Headline News

Foster families making a difference for animals

January 8, 2019

Jan. 8, 2019

By Nate Smelle

Every week Bancroft This Week and the Bancroft Times feature several cats and/or dogs rescued by Home Again that are up for adoption.
According to Home Again volunteer, foster and adopter Mary Freeman, last year alone Home Again rescued 145 cats and 95 dogs.
Pointing out how this tends to be the average number of animals in need of care by Home Again throughout North Hastings each year, she said the organization is needed now just as much as it was since it was founded in 2009.
Considering how much time, effort and resources go into rescuing a single animal, Freeman understands that Home Again’s success in rehoming the animals it rescues would not be possible without the foster families that temporarily provide them with shelter and care.
Dannielle Dudgeon and her husband joined Home Again’s team of foster families last summer. Since then, she said the experience has proven to be far more rewarding than she expected.
At first, Dudgeon said her husband was resistant to the idea of becoming a foster for Home Again, because of the commitment it requires.
Now that they have provided shelter and care for several dogs, she said he is totally onboard.
Currently, Dudgeon said they are fostering two seven-year-old dogs named Millie and Shyla who happen to be sisters. Fostering has been such a positive experience for them, she encourages others who want to help animals to consider signing up.
“It is very rewarding, and I find it really motivates a person to get out there with the dogs, and put themselves in different situations,” said Dudgeon.
“If you are thinking of getting an animal yourself but you’re not sure, that’s another great reason to foster, because then you get a feel for it. Plus, you are really helping the animals.”
Dudgeon said that one of the most enjoyable aspects of fostering an animal is seeing them find the right home. Though it can be difficult to let them go, she said watching a dog and its new owner meet for the first time is a beautiful experience.
“It’s amazing to watch that connection between the dog and their new owners,” said Dudgeon.
“It’s sad to see them go, but it’s happy at the same time.”
Having fostered 18 cats over the past year and a half, Kendra Kilpatrick and her family understand how rewarding the experience can be. She said the idea to get involved with Home Again as a foster family initially came from her nine-year-old daughter Brynn.
Finding a forever home for the last two kittens they were caring for over the holidays, Brynn said her family has now taken on two new kittens named Peep and ALF. Through her experience as a foster, she has learned just how much time, effort and funds are necessary for Home Again to help care for the animals it rescues.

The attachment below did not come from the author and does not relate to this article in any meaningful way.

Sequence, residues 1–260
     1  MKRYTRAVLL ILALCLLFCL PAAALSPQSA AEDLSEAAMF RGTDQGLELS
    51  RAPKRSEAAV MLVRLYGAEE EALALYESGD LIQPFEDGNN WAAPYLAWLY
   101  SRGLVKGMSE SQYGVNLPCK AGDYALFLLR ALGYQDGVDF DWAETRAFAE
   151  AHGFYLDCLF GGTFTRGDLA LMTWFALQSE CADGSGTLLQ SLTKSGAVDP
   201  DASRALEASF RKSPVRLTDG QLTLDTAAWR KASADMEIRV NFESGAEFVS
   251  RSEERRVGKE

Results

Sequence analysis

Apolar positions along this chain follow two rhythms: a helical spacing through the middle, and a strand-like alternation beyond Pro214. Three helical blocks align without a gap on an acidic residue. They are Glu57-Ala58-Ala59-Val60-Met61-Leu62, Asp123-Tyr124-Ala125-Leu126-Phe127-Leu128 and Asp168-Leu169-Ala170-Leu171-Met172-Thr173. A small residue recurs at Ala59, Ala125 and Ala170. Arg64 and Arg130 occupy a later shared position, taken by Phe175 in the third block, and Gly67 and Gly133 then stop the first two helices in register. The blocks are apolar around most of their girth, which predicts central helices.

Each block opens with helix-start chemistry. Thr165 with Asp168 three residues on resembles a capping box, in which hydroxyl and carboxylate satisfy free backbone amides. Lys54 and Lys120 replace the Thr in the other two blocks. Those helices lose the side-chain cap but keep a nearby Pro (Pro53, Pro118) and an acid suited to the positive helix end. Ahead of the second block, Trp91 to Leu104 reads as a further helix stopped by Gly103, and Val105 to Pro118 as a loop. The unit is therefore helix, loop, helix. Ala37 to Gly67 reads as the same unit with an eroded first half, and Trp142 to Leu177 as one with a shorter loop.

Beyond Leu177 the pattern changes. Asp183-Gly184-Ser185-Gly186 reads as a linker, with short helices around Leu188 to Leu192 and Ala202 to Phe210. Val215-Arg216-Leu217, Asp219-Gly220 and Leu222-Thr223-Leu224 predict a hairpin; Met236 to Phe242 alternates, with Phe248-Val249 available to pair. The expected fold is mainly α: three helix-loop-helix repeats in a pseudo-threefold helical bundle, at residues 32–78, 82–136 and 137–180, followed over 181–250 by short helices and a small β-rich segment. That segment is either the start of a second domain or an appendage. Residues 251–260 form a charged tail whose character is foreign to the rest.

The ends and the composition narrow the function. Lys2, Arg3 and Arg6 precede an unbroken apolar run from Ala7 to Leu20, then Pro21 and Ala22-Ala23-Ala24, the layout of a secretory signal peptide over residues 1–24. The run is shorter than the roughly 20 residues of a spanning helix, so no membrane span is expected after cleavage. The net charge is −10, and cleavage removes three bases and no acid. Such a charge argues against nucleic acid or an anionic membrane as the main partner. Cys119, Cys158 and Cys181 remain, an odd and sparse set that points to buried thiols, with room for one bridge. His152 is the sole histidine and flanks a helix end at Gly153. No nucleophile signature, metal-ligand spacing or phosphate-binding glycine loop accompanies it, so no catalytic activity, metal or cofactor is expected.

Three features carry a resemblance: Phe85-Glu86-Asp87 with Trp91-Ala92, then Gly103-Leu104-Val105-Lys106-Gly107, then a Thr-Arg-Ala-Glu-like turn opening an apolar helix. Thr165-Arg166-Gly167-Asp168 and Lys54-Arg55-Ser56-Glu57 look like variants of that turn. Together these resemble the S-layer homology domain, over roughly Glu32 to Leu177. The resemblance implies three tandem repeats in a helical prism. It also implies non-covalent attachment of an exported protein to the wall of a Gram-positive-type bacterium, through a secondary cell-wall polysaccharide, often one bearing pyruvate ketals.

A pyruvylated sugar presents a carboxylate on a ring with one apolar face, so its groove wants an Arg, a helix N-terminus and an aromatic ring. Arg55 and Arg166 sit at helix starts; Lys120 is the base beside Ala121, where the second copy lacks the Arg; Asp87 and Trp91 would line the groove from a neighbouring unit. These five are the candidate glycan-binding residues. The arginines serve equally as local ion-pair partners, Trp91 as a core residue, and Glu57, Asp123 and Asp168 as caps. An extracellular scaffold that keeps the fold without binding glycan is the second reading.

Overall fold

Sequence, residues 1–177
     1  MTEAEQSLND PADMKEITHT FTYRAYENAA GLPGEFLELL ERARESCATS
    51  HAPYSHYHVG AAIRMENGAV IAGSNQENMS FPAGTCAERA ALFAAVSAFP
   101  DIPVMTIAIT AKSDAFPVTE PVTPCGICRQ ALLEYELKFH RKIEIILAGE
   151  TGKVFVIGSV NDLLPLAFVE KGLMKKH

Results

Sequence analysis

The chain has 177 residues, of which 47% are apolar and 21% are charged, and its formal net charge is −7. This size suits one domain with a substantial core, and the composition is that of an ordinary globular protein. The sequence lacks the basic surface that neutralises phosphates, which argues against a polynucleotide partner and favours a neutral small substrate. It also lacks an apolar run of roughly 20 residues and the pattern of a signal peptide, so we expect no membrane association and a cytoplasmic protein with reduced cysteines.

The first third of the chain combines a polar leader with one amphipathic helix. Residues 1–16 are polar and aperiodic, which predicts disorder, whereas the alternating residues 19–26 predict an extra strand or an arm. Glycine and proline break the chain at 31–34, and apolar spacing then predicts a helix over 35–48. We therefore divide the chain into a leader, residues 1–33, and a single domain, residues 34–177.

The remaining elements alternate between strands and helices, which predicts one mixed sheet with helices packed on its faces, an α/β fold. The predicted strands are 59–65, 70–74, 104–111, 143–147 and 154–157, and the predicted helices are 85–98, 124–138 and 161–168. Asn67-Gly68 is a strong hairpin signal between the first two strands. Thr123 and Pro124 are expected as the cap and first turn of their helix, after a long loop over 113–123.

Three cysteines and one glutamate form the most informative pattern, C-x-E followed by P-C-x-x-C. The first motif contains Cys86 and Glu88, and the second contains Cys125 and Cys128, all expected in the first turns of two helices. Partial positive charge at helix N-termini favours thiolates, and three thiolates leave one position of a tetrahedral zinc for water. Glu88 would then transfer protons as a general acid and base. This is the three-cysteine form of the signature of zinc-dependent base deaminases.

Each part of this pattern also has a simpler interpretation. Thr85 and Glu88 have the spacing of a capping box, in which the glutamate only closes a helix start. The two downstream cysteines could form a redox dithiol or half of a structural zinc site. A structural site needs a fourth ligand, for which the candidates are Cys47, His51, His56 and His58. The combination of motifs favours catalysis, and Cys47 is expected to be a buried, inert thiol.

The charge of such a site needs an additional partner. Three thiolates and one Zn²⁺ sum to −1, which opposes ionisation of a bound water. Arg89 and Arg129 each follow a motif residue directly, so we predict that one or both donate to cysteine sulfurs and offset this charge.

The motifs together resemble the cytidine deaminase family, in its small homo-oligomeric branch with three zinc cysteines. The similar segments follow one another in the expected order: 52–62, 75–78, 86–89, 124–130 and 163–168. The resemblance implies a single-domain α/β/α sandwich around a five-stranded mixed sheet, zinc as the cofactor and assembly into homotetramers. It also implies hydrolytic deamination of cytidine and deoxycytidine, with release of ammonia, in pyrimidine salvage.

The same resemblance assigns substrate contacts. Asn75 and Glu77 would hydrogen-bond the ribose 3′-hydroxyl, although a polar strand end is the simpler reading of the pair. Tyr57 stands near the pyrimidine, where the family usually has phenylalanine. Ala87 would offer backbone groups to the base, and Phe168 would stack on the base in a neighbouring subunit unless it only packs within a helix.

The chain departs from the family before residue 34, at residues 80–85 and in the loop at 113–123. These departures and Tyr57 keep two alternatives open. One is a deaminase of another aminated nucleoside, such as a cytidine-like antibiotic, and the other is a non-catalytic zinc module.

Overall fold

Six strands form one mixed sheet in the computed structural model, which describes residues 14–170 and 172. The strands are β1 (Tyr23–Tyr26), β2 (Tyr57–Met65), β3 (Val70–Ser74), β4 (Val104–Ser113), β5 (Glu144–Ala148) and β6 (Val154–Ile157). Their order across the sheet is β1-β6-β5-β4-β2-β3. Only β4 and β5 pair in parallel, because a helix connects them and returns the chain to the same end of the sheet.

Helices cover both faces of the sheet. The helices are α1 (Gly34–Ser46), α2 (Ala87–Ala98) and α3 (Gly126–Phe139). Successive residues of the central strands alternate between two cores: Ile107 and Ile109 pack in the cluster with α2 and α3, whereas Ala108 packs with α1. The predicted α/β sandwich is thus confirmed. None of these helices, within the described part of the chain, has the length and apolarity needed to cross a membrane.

“Sometimes the animals need treatments because they have fleas, or they might be a little sick,” Brynn said.
“It’s good to know that while you are fostering them you can keep them healthy, so the people who adopt them don’t have to pay as much. Fostering is important because you can help animals and get them adopted so they can have a better life.”
After noticing a collection can for donations on the counter of a local store, Brynn thought of another way to help the animals at Home Again – by starting her own Christmas fundraising drive. By the time the holiday season was over, she had raised $80 for the organization.
Widely known for her work protecting Ontario’s turtles and their habitat throughout cottage country, last spring Kelly Wallace decided to rescue another species for a change – a two-year-old cat from Home Again named Merle. After bringing Merle home, she said it didn’t take long for her new furry friend to become a part of the family.
Though the summer months can be depressing at times because of all the injured and dead turtles she finds, Wallace said Merle is always there to comfort her when she gets home from a rough day.
“She brings so much love into the house,” Wallace said.
“It’s really nice to have a little animal in the house that looks to you to love them and to care for them. It’s kind of a trade-off … we take care of her and she takes care of us.”
For more information on Home Again and the services they offer visit their website at: www.homeagainbancroft.ca. To find out more about adopting one of the cats or dogs rescued by Home Again; or to get involved as a volunteer or a foster contact: info@homeagainbancroft.ca; or 613-334-8471.



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